A couple of weeks ago I wrote about black pepper, the King of Spices. Continuing the spice theme, today I’m looking at the Queen:
Elettaria cardamomum: the Queen of Spices
Originally the second most prized spice in the world (after black pepper), first traded in European ports in the 13th century, cardamom is probably my favourite spice. And it is apt that its title is “Queen”, since the aroma is somehow feminine, perfumed, delicate and yet majestic.
The seed comes from the west coast of India, in fact from the same coast as Piper nigrum (black pepper), and was initially taken along the famous spice routes by land to the Middle East and then shipped to Europe. Until the Portuguese and British established their own sea routes it was, again like pepper, of extreme value due to its scarcity.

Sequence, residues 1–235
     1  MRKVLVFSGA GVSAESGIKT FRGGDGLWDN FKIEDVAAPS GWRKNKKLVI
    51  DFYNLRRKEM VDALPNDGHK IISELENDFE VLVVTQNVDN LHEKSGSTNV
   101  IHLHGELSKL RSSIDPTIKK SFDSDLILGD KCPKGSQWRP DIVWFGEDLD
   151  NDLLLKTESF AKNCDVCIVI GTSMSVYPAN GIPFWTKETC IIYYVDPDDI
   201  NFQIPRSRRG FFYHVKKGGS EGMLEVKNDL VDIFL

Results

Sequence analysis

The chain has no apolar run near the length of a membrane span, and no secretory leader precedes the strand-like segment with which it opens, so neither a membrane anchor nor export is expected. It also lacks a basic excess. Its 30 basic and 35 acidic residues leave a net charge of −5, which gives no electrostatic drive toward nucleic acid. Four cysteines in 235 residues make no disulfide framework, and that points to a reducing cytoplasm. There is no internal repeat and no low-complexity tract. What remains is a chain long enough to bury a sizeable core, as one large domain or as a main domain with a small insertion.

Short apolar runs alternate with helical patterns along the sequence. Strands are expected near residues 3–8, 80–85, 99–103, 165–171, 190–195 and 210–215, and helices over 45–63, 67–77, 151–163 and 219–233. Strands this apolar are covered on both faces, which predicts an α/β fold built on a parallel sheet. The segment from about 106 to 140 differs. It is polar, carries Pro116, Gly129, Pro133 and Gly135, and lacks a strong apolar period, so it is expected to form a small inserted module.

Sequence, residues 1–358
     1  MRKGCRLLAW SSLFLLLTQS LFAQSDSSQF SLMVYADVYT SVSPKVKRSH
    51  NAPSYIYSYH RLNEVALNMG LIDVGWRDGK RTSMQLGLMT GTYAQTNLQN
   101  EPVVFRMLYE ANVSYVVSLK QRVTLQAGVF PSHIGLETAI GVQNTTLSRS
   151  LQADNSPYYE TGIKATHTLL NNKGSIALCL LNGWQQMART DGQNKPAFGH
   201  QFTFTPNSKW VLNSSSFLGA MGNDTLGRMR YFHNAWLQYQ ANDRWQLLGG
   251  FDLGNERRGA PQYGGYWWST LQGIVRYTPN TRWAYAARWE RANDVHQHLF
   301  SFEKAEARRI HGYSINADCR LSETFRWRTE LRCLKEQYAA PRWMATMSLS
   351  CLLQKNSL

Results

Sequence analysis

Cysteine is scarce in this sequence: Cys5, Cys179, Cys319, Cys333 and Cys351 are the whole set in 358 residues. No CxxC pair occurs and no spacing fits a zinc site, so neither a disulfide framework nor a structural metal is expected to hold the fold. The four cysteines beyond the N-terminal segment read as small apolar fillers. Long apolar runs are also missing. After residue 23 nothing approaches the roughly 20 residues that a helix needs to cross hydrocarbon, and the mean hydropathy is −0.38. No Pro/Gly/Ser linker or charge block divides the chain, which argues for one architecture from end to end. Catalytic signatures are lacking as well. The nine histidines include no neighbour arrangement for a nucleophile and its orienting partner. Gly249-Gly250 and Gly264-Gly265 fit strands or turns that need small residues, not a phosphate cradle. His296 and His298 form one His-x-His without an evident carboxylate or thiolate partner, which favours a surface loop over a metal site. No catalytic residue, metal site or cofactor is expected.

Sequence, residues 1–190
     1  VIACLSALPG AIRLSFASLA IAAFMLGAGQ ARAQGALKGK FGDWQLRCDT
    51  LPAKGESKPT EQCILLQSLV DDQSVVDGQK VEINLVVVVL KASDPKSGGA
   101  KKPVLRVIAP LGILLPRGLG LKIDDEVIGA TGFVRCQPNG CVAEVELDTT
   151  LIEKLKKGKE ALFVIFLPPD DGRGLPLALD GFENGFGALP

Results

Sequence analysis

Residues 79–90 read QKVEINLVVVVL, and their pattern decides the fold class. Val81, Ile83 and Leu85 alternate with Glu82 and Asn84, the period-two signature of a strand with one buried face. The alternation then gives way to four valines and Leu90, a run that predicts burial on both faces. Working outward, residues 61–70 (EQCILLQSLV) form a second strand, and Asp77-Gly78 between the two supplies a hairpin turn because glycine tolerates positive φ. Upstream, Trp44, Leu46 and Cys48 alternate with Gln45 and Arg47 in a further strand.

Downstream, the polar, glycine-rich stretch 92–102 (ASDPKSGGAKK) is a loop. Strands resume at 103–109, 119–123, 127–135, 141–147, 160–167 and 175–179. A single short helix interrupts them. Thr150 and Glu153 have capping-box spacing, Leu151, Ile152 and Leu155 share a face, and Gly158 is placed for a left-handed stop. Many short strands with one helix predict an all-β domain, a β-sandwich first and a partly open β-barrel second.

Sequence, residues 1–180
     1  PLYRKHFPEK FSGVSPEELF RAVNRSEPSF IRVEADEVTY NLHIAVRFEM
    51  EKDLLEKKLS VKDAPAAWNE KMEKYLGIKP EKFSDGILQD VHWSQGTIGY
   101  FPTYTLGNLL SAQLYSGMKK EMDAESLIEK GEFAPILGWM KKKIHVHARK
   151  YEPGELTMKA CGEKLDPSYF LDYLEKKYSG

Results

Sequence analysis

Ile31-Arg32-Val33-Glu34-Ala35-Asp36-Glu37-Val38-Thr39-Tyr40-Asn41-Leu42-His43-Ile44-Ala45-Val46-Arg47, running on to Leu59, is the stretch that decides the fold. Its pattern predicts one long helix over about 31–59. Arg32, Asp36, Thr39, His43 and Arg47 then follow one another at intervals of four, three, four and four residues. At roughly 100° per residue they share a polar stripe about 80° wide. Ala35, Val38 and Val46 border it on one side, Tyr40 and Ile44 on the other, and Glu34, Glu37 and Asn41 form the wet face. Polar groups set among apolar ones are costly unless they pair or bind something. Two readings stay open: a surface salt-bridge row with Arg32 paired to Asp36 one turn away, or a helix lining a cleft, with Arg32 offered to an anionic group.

The plant likes to grow in rainforest conditions…
… and it has a beautiful flower, near to the ground.
The green seed pod contains lots of tiny black seeds. The pods are harvested (still done by hand) before they ripen and open, and are dried slowly to maintain the full aroma. It is best to buy cardamom in pod form and open the pods to grind the seeds with a pestle just before using.
The spice is used in many Indian dishes, both savoury and sweet, but in the western world is probably best known in Chai tea. In the Middle East it is used for flavouring both tea and coffee. It is also traditionally used for digestive disorders, throat and bronchial problems, and as a breath freshener. (I’ve tried the latter, and it really works!) There is also a black cardamom, and several other species cultivated in different parts of Asia and used in Ayurvedic or Chinese medicine. It is interesting that it has found its way into many traditional Scandinavian baked goods, such as Finnish “Pulla” bread, Swedish Cardamom Cookies “Tepparkakar”, and Norwegian “Skoleboller” Buns.
Do you have a favourite spice?
Coming soon: my favourite recipe for cardamom!